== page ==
Plague Home > Yersinia Pestis

Yersinia pestis bacteria -- the organism responsible for plague -- can grow with or without oxygen. Animals that are known to carry the bacteria include rats, prairie dogs, and fleas. During an outbreak, the bacteria can survive for months in cool, moist conditions, such as a rodent hole. Approximately 10 to 20 people in the United States develop an infection each year from flea or rodent bites.

What Is Yersinia Pestis?

Yersinia pestis are the bacteria that cause plague. This is a Gram-negative bacteria that can grow with or without oxygen (a quality called facultative anaerobic).
 

The Family of Yersinia Pestis

Yersinia pestis was formerly classified in the Pasteurellaceae family, but based on its similarities to Escherichia coli (E. coli), the Yersinia group has been reclassified as members of the Enterobacteriaceae family.
 
Although there are 11 named species in the genus Yersinia, only three are considered important human pathogens:
 
 
Yersinia pseudotuberculosis is the closest genetic relative to Yersinia pestis, but it can be distinguished from Yersinia pestis by the symptoms it causes and by laboratory test results. Neither of these bacteria frequently infect humans, in contrast to Yersinia enterocolitica, which accounts for 1 to 3 percent of diarrhea cases caused by bacteria.
 

Yersinia Pestis in Animals

Yersinia pestis is found most commonly in rats, but occasionally in other animals, such as:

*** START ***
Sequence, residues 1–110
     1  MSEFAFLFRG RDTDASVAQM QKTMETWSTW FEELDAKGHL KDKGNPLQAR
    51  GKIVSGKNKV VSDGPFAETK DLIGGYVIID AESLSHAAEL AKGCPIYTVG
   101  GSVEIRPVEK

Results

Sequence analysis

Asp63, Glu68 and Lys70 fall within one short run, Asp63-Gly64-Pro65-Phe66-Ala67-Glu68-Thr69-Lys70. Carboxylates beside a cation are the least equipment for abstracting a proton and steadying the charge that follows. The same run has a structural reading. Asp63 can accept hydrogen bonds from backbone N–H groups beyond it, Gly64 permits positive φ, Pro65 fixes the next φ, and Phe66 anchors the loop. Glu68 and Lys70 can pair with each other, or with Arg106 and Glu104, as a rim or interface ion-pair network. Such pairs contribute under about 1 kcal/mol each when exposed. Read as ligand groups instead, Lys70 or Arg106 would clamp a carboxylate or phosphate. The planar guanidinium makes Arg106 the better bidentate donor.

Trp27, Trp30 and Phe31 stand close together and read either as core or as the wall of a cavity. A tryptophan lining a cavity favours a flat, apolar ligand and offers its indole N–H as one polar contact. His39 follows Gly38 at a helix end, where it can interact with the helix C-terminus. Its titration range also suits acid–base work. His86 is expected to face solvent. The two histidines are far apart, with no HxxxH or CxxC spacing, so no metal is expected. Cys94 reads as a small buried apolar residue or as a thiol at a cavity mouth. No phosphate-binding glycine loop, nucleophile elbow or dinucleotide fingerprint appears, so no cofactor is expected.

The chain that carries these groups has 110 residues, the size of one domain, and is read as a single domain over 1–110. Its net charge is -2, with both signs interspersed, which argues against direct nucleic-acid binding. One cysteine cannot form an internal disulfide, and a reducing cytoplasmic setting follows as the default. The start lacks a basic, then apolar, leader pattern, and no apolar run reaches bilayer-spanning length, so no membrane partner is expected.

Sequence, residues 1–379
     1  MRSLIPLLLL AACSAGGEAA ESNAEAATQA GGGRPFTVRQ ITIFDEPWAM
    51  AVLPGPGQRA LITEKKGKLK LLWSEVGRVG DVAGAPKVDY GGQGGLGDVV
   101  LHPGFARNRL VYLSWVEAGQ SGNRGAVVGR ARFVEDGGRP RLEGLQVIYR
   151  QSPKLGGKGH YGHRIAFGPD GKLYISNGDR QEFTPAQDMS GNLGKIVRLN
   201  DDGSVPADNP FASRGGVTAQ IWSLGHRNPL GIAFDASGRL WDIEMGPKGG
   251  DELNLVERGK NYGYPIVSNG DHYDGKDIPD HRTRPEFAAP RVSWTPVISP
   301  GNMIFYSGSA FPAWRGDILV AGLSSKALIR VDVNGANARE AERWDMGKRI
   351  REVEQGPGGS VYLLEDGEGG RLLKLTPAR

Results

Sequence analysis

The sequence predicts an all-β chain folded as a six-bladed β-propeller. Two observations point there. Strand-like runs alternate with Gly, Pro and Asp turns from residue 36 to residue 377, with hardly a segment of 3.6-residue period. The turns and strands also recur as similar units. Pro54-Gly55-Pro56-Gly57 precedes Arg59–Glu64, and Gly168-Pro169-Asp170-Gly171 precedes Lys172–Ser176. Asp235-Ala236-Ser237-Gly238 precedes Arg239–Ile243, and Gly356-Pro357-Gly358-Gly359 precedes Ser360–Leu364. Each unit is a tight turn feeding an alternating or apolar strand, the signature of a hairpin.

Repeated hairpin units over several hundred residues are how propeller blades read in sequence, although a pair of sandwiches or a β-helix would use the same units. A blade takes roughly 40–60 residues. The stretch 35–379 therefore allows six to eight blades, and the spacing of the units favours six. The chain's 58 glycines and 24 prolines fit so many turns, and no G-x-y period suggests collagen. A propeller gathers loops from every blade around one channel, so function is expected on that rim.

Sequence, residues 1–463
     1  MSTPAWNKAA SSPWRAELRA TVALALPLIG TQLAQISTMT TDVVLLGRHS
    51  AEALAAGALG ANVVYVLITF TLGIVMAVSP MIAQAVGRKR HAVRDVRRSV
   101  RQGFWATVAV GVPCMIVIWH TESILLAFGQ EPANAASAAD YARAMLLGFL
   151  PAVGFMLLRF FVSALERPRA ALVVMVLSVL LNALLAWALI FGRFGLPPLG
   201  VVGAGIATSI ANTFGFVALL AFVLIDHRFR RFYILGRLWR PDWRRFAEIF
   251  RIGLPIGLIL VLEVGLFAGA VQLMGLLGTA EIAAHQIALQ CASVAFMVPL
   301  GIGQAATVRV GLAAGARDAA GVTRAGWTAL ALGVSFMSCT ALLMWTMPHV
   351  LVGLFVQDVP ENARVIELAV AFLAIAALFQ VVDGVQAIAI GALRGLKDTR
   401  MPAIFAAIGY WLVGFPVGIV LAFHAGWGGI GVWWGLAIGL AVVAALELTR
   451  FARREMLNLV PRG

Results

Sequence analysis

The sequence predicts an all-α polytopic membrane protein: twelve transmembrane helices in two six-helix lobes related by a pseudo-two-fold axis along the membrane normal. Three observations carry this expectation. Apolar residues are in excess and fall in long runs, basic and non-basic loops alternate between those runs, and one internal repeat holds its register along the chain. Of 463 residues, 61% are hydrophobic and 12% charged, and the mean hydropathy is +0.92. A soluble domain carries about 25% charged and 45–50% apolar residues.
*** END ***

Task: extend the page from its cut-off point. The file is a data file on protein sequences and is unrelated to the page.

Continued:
• Mice
  • Squirrels
  • Fleas
  • Cats
  • Dogs
  • Lice
  • Prairie dogs
  • Wood rats
  • Chipmunks.
     
Other, less frequent sources include wild rabbits and wild carnivores that pick up their infections from wild rodent outbreaks.
 
Deer mice and voles (field mice) are thought to maintain Yersinia pestis in animal populations, but are less important as sources of human infection.
 
Written by/reviewed by:
Last reviewed by: Arthur Schoenstadt, MD
Last updated/reviewed:
List of references (click here):
Other Articles in This eMedTV Presentation
Advertisement


Topics

Quicklinks

Related Channels

eMedTV Links
Copyright © 2006-2017 Clinaero, Inc.

eMedTV serves only as an informational resource. This site does not dispense medical advice or advice of any kind. Site users seeking medical advice about their specific situation should consult with their own physician. Click Terms of Use for more information.

This site complies with the HONcode standard for trustworthy health information:
verify here.